Study: Siblings of Autistic Kids Show Similar Brain Activity, by Alice Park. Time Magazine, July 13, 2011.  “In a study published in the journal Translational Psychiatry, scientists at the University of Cambridge report that even the unaffected siblings of autistic children show signs of brain differences that set them apart from children in non-autistic families.”

Detecting Autism Early With a 5-Minute Questionnaire, by Alice Park. Time Magazine, April 28, 2011.  “It's generally better to detect a disease sooner rather than later, but with some slowly progressing conditions, it's not always possible to pick out the first signs of trouble.”

Siblings of kids with autism have language delays, by Elizabeth Landau. CNN, October 08, 2010.  “In families in which a child has autism, his or her siblings are more likely to have language delays or speech problems, a new study finds.”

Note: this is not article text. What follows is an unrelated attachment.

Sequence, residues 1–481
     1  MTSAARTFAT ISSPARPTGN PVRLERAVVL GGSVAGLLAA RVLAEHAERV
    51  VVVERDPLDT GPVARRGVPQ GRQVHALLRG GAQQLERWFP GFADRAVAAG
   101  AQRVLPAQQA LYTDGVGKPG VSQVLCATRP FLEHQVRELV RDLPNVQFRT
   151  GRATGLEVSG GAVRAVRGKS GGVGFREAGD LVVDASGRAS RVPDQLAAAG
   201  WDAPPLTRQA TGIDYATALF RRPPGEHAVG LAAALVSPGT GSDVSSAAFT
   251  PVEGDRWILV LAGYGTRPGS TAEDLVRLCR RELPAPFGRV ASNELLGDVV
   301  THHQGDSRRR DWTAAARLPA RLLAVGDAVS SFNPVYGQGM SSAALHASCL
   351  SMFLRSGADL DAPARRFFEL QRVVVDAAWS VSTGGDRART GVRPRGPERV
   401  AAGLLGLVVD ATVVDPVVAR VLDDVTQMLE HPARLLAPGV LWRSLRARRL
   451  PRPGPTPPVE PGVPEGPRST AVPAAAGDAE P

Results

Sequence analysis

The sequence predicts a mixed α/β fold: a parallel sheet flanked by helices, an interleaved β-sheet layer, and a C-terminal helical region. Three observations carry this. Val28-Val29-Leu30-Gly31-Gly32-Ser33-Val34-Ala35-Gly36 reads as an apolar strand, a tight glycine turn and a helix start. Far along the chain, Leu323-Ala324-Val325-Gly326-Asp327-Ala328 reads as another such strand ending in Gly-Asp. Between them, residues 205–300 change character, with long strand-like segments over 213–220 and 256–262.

Autism Q & A, by Patty Morin Fitzgerald. Boston Globe, April 23, 2008.  “Could your child have autism? If you are concerned, author Jayne Lytel urges you to take steps. Time is of the essence.”


Disclaimer: Material on the William James INTERFACE Referral Service website is intended as general information. It is not a recommendation for treatment, nor should it be considered medical or mental health advice. The William James INTERFACE Referral Service urges families to discuss all information and questions related to medical or mental health care with a health care professional.